Dick Pole and Peter LaCock

October 15, 2006

The single reason these two are yoked in the minds of many baseball fans is because they were exactly the same height (6’3″) and weight (210 pounds). Though they each played in the American League throughout the 1977 and 1978 seasons, the sole instance in which they enacted the pitcher-batter swordfight was in the first inning of a game on May 28, 1978, between Dick Pole’s Seattle Mariners and Peter LaCock’s Kansas City Royals. The Seattle manager, whose name happened to be Johnson, yanked his Pole after Dick was abused for 4 hits and 5 runs in only 1 inning of work. The game was essentially decided by the time LaCock finally got his chance to further beat the spent Dick, but, for the record, the shriveled Pole teased LaCock into lining flaccidly to left.


  1. 1.  4 comments from old CG site:

    Brother Ian said…
    O Lord, thank you for the gleeful belly laugh occasioned by this entry.

    I hope you’re enjoying writing these half as much as I do, reading them.

    — Ian

    11:20 AM

    Anonymous said…
    I am weeping with laughter at this one

    10:21 PM

    Anonymous said…
    Me again. Fact is, I am having more fun reading this entry (and your entire blog) than watching the mets play game 5 of nlcs with pete and helene wondering why I am in hysterics over at the computer

    10:31 PM

    spudrph said…
    Hysterical. I’m giggling like a schoolgirl.

    9:14 AM

  2. 2.  Very good. Also, it looks like Dick Pole’s backdrop is the Oakland Coliseum. The All-O.C. team is pitching rich and fielding-hitting poor.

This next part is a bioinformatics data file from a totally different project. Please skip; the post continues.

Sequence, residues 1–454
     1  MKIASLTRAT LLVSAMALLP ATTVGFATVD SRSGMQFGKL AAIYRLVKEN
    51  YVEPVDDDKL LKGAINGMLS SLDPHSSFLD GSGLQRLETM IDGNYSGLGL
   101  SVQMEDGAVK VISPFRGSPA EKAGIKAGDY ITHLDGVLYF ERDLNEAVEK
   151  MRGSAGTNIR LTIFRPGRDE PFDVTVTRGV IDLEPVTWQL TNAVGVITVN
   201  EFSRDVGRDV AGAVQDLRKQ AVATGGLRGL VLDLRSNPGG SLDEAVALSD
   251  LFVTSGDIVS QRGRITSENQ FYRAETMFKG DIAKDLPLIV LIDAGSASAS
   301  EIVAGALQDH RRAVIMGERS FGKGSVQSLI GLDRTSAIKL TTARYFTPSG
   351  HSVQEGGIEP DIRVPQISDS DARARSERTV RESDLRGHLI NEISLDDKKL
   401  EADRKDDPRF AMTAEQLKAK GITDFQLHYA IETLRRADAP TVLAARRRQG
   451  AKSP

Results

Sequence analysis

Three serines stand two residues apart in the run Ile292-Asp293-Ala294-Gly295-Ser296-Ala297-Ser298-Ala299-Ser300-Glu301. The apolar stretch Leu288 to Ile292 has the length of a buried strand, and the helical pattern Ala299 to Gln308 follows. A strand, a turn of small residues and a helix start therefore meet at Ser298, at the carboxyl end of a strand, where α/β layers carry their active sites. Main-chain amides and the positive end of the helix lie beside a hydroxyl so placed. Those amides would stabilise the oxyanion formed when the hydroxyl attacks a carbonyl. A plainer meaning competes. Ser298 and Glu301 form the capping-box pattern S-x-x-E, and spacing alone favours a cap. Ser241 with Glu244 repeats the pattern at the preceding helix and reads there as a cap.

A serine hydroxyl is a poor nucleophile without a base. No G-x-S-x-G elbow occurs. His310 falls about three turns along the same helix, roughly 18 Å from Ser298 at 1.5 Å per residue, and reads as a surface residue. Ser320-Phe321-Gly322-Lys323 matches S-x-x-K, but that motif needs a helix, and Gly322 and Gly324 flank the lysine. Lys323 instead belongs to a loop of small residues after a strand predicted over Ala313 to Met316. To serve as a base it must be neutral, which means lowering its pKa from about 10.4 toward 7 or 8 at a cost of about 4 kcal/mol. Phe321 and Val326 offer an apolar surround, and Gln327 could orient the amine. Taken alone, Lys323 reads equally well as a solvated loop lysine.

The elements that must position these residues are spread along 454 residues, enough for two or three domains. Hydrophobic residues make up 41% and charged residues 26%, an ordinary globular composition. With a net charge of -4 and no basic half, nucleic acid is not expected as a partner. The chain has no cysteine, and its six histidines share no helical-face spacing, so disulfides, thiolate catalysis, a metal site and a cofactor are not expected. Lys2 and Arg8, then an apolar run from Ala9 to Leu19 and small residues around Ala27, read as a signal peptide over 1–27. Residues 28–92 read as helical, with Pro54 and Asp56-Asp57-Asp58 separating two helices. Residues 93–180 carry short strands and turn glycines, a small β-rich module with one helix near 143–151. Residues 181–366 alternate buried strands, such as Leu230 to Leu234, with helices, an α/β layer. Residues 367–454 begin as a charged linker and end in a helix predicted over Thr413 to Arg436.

3. 3.  My Pete LaCock story. In the tenth grade, I was a 5′ 0″ tall, skinny Taft High freshman forced into flag football in P.E. by an educational system that screwed me at every opportunity and eventually cost me my dream of entering MIT as a sophomore. I’d also read every book on how to play every sport that the West Valley Regional Library held. I was tiny, but I knew all the fundamentals. In my first gym class in high school, the idiot seniors who “ran” my team decided that I was a defensive end. I said I should be a defensive back, they explained that it wouldn’t be just the other team hitting me if I didn’t go to my spot on the line, and so I went.

    I knew what a defensive end is supposed to do: rush the passer, contain the scramble, strip away the lead blocker so the linebacker can make the play. And on my third play of PE, Pete LaCock, a senior on his way to play baseball in the majors, a guy who wasn’t on the football team so he’d run no risk of getting injured and harming his baseball career, comes leading a sweep around my end.

    What could I do? He weighed about twice as much as I did, but it was my job to take him out of the play. I didn’t know who he was other than the lead blocker; I was a freshman on my first day of high school, and only learned afterwards who he was from the gym coach. I threw myself at his knees, roughly head first, and we went down in a tangle. Unless he’d turned and run away from me, there was nothing he could have done to avoid it. I think the gym coach fainted up in the stands. The good headlines were going to be “Baseball Star Kills Freshman In Freak Accident”. The bad headlines were going to be “Baseball Star Injured in Freak Accident; Freshman Also Killed”.

    When I woke up, the PE coach, who had just seen his star baseball player taken down by a crazy tiny kamikaze kid, told me that I’d be better off playing non-contact sports (which I’d wanted in the first place, but they were all full). I don’t think the play ever finished; everybody was too shocked at what they’d just seen. I never apologized to Pete (nobody in school called him Peter); I think I was mildly concussed. I don’t think I affected his career any, but I might have lost a few points off my IQ. A truly smart coach would have put me on the football team as a gunner; by my senior year I’d grown a foot and gained 80 pounds and was still crazy. But that’s LA City Schools for you. It wasn’t until my younger brother was in the 11th grade that they figured out he couldn’t read because of dyslexia, but they kept on passing him. My sister (the youngest one) got to go to private school. And I got concussed by Pete LaCock.